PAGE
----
You end up going with the smaller boutique firm. The boutique firms are also very niche. You could have an employment claim and use a boutique firm that solely specializes in human rights tribunals. Not that the larger firms don’t have that, but it’s not a one size fits all.”
Some insured also feel more comfortable with a smaller firm versus a larger firm. “Where the insured has the ability to choose who they want to defend them, they often come to us with the smaller firms because they have long-term relationships that they’ve built. They feel comfortable with them that they will get that one-to-one attention,” she says.
Cost and responsiveness are two of the reasons Benjamin Lee, vice president, legal and general counsel at TimberWest Forest Corp., has increased the company’s use of boutique firms since he arrived in the role more than a year ago. He uses them for litigation, forestry, corporate commercial, and aboriginal law. “We transact with First Nations through our log-purchasing program and we have projects that require their support. It is included as part of the fixed retainer I have with one of the firms — it’s part of their general work.”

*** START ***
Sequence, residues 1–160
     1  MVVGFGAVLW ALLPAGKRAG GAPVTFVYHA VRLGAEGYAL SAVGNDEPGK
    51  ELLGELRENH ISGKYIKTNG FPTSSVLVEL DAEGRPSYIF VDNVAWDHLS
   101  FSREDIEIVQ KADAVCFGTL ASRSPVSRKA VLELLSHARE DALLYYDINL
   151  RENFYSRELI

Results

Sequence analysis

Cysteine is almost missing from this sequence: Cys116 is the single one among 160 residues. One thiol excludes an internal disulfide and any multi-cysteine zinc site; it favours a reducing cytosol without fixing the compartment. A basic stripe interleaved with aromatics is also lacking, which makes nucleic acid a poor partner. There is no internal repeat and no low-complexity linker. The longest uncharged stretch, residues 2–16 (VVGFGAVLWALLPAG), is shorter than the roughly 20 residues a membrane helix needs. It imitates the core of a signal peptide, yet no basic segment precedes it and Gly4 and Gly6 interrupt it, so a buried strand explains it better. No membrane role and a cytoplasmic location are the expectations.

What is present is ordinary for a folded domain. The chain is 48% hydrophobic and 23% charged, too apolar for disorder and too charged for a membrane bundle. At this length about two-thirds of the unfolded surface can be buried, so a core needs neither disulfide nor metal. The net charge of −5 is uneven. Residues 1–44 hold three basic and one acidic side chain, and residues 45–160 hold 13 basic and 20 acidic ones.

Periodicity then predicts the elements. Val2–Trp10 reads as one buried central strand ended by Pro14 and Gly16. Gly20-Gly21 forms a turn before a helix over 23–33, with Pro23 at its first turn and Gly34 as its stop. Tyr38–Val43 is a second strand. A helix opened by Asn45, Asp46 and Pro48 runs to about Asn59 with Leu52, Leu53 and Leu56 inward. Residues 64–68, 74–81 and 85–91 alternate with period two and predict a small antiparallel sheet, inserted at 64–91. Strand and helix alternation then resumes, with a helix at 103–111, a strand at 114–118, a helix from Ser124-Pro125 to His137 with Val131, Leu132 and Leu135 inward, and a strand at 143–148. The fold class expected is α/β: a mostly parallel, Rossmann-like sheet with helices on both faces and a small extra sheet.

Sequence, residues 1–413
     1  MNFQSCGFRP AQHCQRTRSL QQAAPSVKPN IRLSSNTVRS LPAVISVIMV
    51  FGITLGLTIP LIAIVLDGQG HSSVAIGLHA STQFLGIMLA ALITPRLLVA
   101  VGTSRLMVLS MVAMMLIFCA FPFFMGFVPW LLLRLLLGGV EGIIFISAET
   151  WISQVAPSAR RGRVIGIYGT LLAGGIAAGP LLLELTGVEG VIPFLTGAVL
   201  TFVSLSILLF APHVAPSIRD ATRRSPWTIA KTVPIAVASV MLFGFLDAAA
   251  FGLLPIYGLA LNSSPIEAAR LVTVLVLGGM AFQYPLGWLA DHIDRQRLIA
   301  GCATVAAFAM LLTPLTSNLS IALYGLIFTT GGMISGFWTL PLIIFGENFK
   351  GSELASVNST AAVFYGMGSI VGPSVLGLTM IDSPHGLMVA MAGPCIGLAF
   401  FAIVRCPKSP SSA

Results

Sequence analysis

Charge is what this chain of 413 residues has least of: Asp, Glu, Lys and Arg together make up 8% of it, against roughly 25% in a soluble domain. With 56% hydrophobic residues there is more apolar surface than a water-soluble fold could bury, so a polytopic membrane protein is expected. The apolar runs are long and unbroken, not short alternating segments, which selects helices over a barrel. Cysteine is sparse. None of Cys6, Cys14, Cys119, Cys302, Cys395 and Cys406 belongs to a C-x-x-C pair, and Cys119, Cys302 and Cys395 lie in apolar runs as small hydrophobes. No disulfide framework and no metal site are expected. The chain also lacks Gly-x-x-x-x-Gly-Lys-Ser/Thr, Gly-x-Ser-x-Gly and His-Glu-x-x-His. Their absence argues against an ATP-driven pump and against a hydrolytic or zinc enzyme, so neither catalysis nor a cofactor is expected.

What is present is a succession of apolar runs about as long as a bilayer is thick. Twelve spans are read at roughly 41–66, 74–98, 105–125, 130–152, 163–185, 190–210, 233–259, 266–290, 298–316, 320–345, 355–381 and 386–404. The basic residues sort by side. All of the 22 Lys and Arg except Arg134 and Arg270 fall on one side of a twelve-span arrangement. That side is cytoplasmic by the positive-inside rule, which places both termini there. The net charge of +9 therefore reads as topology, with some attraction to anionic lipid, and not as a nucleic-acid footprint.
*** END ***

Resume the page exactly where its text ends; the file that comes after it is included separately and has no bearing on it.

Lee prefers boutiques because of the investment they are willing to make in understanding TimberWest’s business. “I equate that as value in the sense that with the boutique firm you’re often dealing with the principal and that person will do the work and invest the time in your company,” he says. “It’s also easier to have creative billing arrangements with that person than it is with a big firm that has compensation committees. There is just more flexibility dealing with boutique firms.”
TimberWest has a number of fee arrangements with boutiques including fixed fees per project and monthly retainers, but no hourly billing. “It’s based on historical billings and how much work I expect to send out to the firm. You will have a deviation of between 10 and 20 per cent and it usually works out in the client’s favour. If, as general counsel, I have to decide to send work out, it becomes an easy decision because they get a flow of work and they prefer I call them and get them involved rather than be afraid to,” he says.